TITANYEN, Haiti — Haiti issued wildly conflicting death tolls for the Jan. 12 earthquake on Wednesday, adding to confusion about how many people actually died — and to suspicion that nobody really knows.
A day after Communications Minister Marie-Laurence Jocelyn Lassegue raised the official death toll to 230,000, her office put out a statement quoting President Rene Preval as saying 270,000 bodies had been hastily buried by the government after the earthquake.
A press officer withdrew the statement, saying there was an error, but reissued it within minutes. Later Wednesday, the ministry said that due to a typo, the number should have read 170,000.
Even that didn't clear things up. In the late afternoon, Preval and Lassegue appeared together at the government's temporary headquarters.
Preval, speaking in English, told journalists that the number was 170,000, apparently referring to the number of bodies contained in mass graves.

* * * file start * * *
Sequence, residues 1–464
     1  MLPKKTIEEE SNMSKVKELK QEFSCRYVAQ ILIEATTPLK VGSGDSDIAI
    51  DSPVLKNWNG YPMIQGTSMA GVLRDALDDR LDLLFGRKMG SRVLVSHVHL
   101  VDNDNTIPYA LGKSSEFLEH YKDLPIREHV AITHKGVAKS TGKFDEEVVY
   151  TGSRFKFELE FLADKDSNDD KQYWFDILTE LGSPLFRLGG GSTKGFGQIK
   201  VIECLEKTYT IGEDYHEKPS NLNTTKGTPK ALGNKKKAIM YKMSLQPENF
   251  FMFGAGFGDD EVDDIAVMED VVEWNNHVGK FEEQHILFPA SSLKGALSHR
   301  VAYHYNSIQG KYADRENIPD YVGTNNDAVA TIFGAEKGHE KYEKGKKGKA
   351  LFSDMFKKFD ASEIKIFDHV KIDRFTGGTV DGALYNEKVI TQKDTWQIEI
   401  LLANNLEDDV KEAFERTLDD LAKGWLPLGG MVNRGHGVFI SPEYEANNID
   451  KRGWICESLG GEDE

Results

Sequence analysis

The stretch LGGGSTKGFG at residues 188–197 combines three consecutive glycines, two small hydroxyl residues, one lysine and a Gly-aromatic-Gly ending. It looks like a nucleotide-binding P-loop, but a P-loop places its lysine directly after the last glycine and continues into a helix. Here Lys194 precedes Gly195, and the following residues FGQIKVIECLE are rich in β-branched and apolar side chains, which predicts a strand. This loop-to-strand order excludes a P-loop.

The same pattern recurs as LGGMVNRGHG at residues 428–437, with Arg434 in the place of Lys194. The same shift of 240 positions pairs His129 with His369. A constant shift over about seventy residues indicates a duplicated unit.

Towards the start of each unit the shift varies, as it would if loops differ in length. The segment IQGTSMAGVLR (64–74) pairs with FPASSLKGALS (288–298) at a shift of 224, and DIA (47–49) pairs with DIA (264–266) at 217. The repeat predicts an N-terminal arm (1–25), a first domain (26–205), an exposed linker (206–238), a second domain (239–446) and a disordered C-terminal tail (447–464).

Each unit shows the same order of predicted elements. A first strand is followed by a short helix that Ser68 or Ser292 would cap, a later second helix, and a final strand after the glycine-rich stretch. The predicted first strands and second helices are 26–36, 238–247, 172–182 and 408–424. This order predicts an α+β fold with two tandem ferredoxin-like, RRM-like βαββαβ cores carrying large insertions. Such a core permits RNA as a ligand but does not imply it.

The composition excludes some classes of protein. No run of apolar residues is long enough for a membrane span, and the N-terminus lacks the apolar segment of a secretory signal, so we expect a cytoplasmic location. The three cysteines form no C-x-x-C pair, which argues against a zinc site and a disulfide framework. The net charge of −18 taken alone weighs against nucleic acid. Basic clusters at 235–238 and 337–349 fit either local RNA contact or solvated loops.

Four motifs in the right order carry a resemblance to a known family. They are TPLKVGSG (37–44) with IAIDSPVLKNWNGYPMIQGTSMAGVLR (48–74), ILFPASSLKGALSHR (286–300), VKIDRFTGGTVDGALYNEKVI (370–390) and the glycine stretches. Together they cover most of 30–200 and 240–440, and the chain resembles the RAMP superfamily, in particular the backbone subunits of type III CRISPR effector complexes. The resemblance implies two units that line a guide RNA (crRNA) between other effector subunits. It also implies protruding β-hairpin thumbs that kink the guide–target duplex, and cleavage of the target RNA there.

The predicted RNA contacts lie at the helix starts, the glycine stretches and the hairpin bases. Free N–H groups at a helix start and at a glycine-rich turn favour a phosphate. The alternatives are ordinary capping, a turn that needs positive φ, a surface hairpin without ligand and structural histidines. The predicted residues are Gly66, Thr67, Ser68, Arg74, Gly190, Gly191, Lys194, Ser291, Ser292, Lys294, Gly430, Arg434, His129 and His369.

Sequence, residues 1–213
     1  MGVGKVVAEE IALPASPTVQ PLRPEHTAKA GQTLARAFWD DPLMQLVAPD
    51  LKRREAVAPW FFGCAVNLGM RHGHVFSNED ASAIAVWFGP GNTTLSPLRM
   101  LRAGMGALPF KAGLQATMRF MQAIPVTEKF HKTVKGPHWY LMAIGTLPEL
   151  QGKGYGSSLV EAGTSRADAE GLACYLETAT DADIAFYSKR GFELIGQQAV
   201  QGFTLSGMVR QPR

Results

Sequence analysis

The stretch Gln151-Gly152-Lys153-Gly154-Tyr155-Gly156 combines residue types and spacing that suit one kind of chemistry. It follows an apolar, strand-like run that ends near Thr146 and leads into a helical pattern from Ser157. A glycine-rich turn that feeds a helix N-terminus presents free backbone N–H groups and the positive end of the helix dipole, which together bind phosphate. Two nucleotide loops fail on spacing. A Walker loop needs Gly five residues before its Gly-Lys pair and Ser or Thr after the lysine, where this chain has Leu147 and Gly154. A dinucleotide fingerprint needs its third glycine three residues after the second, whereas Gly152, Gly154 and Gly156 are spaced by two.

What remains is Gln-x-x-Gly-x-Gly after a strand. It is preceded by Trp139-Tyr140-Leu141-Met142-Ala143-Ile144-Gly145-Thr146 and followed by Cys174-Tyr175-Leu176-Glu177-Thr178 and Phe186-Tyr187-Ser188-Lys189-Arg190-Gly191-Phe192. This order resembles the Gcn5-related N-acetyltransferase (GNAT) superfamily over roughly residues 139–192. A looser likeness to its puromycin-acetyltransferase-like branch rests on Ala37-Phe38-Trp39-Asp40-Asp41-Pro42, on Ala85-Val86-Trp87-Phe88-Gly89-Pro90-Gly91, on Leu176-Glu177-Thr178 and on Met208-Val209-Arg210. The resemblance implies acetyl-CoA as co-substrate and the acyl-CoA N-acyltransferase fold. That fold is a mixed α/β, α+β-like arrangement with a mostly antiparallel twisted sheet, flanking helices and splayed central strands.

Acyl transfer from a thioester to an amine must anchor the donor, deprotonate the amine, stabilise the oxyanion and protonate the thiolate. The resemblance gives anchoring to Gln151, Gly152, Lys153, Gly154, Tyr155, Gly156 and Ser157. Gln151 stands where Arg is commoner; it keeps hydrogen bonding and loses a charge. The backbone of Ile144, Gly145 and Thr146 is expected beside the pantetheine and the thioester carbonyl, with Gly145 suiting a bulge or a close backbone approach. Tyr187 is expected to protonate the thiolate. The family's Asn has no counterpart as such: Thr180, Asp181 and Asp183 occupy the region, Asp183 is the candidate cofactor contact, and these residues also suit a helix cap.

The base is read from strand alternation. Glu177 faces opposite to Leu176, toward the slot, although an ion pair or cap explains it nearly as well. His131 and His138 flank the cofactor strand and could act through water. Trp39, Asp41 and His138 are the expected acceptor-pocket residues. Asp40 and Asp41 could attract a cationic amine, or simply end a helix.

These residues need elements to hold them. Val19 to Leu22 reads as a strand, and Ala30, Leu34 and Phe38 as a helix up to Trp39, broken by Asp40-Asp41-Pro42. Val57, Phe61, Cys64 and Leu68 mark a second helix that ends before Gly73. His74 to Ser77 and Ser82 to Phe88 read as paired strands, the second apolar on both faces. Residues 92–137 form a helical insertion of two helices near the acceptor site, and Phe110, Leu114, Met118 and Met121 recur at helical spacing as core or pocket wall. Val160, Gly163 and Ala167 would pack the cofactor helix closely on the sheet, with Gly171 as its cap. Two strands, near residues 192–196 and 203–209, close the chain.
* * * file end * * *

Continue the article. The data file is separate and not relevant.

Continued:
Lassegue interrupted him in French, giving a number lower than she had given the previous day: "No, no, the official number is 210,000."
Preval dismissed her.
"Oh, she doesn't know what she's talking about," he said, again in English.
No foreign government or independent agency has issued its own death toll. Many agencies that usually can help estimate casualty numbers say they are too busy helping the living to keep track of the dead. And the Joint Task Force in charge of the relief effort — foreign governments and militaries, U.N. agencies and Haitian government officials — quotes only the government death toll.
That toll has climbed from a precise 111,481 on Jan. 23 to 150,000 on Jan. 24, to 212,000 on Saturday, to 230,000 on Tuesday. Preval's count of 170,000 bodies buried in mass graves may represent only a piece of the toll.
A death toll of 230,000 would equal the number of people killed in the tsunami that devastated a dozen countries around the Indian Ocean after a magnitude 9.2 earthquake on Dec. 26, 2004.
Even some officials express skepticism that the government is keeping count.
"I personally think that a lot of information being given to the public by the government is estimates," said Haiti's chief epidemiologist, Dr. Roc Magloire.